"It's like I told you before. Whoever's behind this needed a patsy for a false-flag domestic attack, Stuart, and that's you. And they needed to make my people the enemy, and that's why I'm here."
"Based on your file, they could have had you picked up anytime they wanted, but they picked you up Friday night, to make you a part of this. And me, they've just kept me in cold storage—"
"Waiting for the right time, when they needed a couple of fall guys," Danny said. "The crazy Internet conspiracy theorist who incited these thugs into violence, and the lone nut ex-FBI man who helped them pull it off."
Ah, okay, got it. This is all an inside job! The FBI set up Operation Exigent to help them usher in martial law? I guess. No? Wait. If the FBI is behind this, what was the point of Bailey calling 911 to let them know there was a live nuke about to be exploded? Back during the Powerpoint, it seemed Darthur had a hand in Exigent. Right? Right. So Darthur has control of the FBI? And Kearns' boss (whoever he was) too? But he's dead. Because the nukes were real. Which the FBI maybe already knew, but Kearns' boss (whoever he was) didn't know? What? WHAT!
I don't understand.
Who is running Exigent? Who supplied the live nukes? Who is Elmer? And if right-wing extremists set off the bomb, is it fair to say right-wing extremists are patsies?
Obviously, this book seeks to paint right-wing teabaggers as the heroes. But, regardless who supplied the nukes, regardless under what circumstances, the right-wing teabaggers, led by Elmer and The Man Named Randy, are the ones, when all is said and done, carrying out the terrorist act. I am getting the distinct impression no one really thought this thing through.
The truck slowed briefly, made a turn onto what felt like a much smoother roadway, and then began to pick up speed again.
"I've got an idea," Danny said, "but I don't know if you'll like it."
He walked toward the tailgate, where the package they'd brought was strapped against the side of the compartment, and motioned for his partner to follow. When Kearns had sat and situated his injured leg, Danny crouched down and pulled off the tarp that was covering the device. He peeled off the keys that were taped near the arming panel and handed them to Kearns.
If one of these bombs was real, then it stood to reason that they both were real. And there was really only one way to find out.
Uh oh, what do you thing Bailey's plan will be? Something Youtubey and teabaggery and IN YOUR FACE. Like Miracle Whip. Oh, and a cargo van with a tailgate? Okay! Here’s the plan:
They fire up their nuke, which, if you remember, was modified with a TomTom so it would detonate when it got to the right coordinates, and change the proximity trigger.
Once the device had gotten its bearings, it was simple enough to reset the final destination on the touchscreen of the GPS detonator. It wasn't an address they selected, of course, just an empty point on the deserted road they were traveling, a little less than three miles ahead and counting down.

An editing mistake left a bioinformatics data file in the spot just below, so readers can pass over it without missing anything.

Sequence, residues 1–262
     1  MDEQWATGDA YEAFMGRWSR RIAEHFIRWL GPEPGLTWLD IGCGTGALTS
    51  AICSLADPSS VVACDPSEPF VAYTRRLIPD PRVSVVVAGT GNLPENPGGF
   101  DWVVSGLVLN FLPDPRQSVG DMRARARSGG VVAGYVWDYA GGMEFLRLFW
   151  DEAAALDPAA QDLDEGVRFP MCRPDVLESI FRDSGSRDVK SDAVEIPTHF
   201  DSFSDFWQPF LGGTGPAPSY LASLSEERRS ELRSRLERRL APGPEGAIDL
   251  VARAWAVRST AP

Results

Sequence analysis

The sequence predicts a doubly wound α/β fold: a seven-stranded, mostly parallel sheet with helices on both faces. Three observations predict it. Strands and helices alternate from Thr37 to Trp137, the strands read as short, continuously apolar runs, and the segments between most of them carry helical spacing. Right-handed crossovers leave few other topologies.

Not sure how they did that, but let's just suspend belief here for a moment. They got it changed, and the nuke will blow up in a few miles and not in Vegas. Whew! This would be the perfect time to jump out of the truck. Or not.
The older man lit up a cigarette, and he shook another one up from the pack and offered it across.
"Nah, I told you," Danny said. "I quit five years ago."
"Aw, come on. Special occasion."
"I took an oath to an old friend, Stuart, and if you met this woman, you'd know why I can't break it."
Even in his last moments, Bailey keeps his word to Molly. What a guy! What a woman! "When you put it that way, I guess I see what you mean," says Kearns? Really? You do? Because I don't. I don't see how putting it "that way" means a damn thing!
"Hey," Danny said, and he waited until his partner looked over. "The other night when you were telling me about your career with the FBI, you said that after all they'd put you through, you wondered sometimes why you stuck it out."
"This is why, man. Tonight is why you stayed on."
To get blown up in the back of a van? He stayed on the get used by the FBI and framed as a terrorist? To help usher in the NWO? Yeah, good plan, Kearns, good reason for sticking with the career well past your prime.
Bailey and Kearns go on about oaths on the Bible and sacred honor and whatnot, and for some reason are basically acting like best buddies even though they hated each other just moments ago. Good writing. Character development! Kearns laments that their sacrifice will go unknown, but Bailey assures him "somebody'll figure it out. Somebody like me." Whew!
The device next to them issued a loud tone. A bright red light illuminated on the panel, under the word Proximity.
"Nice working with you, kid," Kearns said.
He reached out a hand and Danny Bailey took it in a firm clasp of solidarity.
I guess that's the end of their story arc.